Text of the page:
Nicole Phelps, global director of Vogue Runway and Vogue Business, recalled her earlier days working with Koski at WWD and volunteering as docents at the Brooklyn Botanic Garden: “The Fairchild newsroom at 7 West 34th Street was a colorful place in the late ’90s, but no one was more colorful than Lorna Koski. I was on the W Magazine and WWD Accessories desk, and she edited my pieces. We’d discuss my copy and she’d try on the flamboyant hats we’d call in for shoots. She was a mentor who became a friend. Lorna was a true eccentric — acerbic when she wanted to be, but kind and generous on the flip side. She gave great gifts. And she never failed to make an impression, including at my 2007 wedding, which she attended in a cloud of fuchsia tulle, which really wowed our out-of-town guests.”
In recent years, Koski was “an incredible caretaker” after her spouse Kathleen Berger had a lung transplant, Berger’s brother Warren said. “That really dominated Lorna’s life the last couple of years.”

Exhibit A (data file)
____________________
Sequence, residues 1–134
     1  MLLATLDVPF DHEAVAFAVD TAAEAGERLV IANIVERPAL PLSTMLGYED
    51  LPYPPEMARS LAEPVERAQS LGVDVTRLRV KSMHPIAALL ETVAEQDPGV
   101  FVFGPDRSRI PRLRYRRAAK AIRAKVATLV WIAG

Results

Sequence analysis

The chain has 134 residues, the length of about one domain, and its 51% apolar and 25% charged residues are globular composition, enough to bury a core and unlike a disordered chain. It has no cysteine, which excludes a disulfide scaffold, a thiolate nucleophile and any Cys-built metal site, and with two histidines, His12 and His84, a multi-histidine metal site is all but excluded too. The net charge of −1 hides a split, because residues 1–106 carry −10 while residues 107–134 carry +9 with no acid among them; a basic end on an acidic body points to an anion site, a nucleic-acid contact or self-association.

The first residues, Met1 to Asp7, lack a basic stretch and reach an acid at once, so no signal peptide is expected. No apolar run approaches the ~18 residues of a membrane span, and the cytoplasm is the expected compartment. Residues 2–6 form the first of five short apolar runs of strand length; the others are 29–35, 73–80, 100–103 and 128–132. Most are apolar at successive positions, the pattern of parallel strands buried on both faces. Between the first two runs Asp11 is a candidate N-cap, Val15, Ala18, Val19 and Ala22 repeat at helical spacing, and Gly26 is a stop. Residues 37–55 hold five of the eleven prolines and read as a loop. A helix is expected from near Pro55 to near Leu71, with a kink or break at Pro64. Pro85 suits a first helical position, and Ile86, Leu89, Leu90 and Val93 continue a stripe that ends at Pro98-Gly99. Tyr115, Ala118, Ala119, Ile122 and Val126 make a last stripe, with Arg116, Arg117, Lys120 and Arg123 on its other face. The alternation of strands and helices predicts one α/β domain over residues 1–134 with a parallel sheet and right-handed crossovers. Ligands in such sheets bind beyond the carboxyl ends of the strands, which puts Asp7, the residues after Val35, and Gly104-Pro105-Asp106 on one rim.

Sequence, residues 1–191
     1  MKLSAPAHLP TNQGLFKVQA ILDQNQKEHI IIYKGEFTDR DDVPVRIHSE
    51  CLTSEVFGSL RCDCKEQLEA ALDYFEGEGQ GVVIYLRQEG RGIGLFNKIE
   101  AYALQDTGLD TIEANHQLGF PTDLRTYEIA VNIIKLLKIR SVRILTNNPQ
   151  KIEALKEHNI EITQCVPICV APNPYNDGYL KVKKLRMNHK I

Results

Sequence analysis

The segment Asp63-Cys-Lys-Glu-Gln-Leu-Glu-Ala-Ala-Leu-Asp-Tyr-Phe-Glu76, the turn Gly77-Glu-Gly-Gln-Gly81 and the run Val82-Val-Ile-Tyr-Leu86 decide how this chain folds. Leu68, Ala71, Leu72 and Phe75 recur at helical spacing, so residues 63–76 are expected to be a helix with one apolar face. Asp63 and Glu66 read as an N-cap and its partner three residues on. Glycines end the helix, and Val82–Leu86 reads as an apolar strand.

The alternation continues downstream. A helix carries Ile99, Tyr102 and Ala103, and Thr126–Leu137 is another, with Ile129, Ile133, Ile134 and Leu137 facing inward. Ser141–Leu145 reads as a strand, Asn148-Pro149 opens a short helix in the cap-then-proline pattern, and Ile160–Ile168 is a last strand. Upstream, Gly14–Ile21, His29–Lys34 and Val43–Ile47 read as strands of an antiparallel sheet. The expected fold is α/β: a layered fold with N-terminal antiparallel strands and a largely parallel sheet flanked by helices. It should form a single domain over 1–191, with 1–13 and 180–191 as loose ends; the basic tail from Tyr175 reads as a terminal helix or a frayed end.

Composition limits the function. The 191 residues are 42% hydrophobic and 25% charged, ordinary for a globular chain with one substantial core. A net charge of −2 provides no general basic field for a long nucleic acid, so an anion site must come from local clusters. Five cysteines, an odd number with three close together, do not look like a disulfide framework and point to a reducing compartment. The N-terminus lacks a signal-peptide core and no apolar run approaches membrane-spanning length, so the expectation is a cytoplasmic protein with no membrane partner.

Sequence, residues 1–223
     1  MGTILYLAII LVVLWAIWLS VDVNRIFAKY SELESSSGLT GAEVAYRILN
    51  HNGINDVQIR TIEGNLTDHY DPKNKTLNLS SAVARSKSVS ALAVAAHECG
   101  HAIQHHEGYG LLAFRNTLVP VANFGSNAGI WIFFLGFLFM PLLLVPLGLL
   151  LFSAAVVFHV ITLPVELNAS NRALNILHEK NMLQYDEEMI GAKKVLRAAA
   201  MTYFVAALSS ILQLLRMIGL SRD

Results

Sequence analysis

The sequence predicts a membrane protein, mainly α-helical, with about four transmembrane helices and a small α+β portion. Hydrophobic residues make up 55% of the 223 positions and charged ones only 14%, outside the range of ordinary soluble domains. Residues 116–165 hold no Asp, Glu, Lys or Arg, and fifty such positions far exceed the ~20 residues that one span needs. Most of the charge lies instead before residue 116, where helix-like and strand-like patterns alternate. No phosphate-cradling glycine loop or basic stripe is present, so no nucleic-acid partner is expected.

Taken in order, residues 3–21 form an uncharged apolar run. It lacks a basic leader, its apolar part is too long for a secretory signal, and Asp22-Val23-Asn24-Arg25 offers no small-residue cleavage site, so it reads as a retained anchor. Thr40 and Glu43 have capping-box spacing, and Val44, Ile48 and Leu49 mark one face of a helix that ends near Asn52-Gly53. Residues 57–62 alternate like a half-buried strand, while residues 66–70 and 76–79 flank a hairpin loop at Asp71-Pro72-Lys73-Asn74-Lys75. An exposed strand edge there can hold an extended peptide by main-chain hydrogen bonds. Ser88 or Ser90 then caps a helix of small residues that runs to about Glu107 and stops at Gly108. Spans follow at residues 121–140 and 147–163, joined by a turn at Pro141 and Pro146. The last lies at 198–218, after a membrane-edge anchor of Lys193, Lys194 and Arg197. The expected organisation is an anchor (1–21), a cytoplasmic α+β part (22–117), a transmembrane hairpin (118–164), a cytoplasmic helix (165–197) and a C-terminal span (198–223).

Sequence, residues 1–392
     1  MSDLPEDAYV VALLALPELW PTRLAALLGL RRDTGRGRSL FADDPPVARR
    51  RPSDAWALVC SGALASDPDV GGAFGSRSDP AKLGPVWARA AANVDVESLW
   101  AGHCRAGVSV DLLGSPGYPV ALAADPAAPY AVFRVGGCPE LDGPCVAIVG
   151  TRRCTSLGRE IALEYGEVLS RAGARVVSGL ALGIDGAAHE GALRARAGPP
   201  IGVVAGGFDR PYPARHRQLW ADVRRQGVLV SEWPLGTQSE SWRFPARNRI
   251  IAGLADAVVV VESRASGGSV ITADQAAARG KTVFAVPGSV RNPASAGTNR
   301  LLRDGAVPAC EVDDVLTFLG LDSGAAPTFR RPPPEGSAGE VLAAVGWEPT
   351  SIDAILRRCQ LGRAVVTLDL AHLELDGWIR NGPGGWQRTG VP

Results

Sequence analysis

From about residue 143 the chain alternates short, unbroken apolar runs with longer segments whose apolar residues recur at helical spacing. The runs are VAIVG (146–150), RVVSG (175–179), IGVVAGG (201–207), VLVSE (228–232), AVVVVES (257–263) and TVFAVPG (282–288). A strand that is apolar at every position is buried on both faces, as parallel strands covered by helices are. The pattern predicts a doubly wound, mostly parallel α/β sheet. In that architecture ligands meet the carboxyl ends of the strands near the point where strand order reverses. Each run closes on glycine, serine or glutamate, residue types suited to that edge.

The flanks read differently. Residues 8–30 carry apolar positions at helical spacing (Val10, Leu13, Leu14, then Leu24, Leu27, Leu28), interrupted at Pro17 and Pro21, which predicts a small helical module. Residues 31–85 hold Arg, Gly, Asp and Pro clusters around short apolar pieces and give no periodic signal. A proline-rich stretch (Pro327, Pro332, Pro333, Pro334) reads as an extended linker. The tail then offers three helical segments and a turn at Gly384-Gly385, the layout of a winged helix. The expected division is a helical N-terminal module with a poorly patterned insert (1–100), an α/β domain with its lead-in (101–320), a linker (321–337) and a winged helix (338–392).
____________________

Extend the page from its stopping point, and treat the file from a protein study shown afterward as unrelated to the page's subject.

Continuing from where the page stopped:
The pair wed several years ago, but first connected as coworkers at WWD in the ’80s. Berger, a longtime Newsweek editor, died in January and the loss “seemed to have a big, big effect, causing Koski to withdraw,” Warren said. “She didn’t really recover from that.”
As one of the regulars at Barrow’s Pub, Koski was remembered by senior bartender Robert Shapiro as “an old-school editor who was highly educated. But she was not an uncommon customer at Barrow’s Pub, which has the most eclectic clientele. She fit right in. She loved it. She would sing. She would play music — old Frank Sinatra. She would dance,” he said. “She was a real part of the Barrow’s family.”
He added, “She was trying to enjoy the latter years of her life. She just let her health go unfortunately. She didn’t take good care of herself.”
As for how Koski would have liked to be remembered, her sister said, “I hear this all the time — she was fun to be around. She was just fun.”
Koski is survived by her sister, brother and numerous nieces and nephews. In lieu of flowers, Bruce suggested any donations be made to a cat rescue organization in Brooklyn or Manhattan.